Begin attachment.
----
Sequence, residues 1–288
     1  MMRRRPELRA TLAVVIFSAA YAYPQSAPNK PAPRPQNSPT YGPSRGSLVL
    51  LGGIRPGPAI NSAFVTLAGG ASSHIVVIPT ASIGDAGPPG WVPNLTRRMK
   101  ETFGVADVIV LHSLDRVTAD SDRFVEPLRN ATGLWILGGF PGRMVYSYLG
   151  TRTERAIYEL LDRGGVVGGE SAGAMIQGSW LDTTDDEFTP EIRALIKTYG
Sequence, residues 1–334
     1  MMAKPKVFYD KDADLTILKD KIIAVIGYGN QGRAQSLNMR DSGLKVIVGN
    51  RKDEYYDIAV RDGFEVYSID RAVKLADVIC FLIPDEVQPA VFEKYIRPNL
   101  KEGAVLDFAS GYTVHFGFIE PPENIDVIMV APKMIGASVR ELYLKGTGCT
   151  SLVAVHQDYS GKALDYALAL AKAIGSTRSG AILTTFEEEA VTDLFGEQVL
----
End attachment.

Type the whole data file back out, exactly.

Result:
Sequence, residues 1–288
     1  MMRRRPELRA TLAVVIFSAA YAYPQSAPNK PAPRPQNSPT YGPSRGSLVL
    51  LGGIRPGPAI NSAFVTLAGG ASSHIVVIPT ASIGDAGPPG WVPNLTRRMK
   101  ETFGVADVIV LHSLDRVTAD SDRFVEPLRN ATGLWILGGF PGRMVYSYLG
   151  TRTERAIYEL LDRGGVVGGE SAGAMIQGSW LDTTDDEFTP EIRALIKTYG
Sequence, residues 1–334
     1  MMAKPKVFYD KDADLTILKD KIIAVIGYGN QGRAQSLNMR DSGLKVIVGN
    51  RKDEYYDIAV RDGFEVYSID RAVKLADVIC FLIPDEVQPA VFEKYIRPNL
   101  KEGAVLDFAS GYTVHFGFIE PPENIDVIMV APKMIGASVR ELYLKGTGCT
   151  SLVAVHQDYS GKALDYALAL AKAIGSTRSG AILTTFEEEA VTDLFGEQVL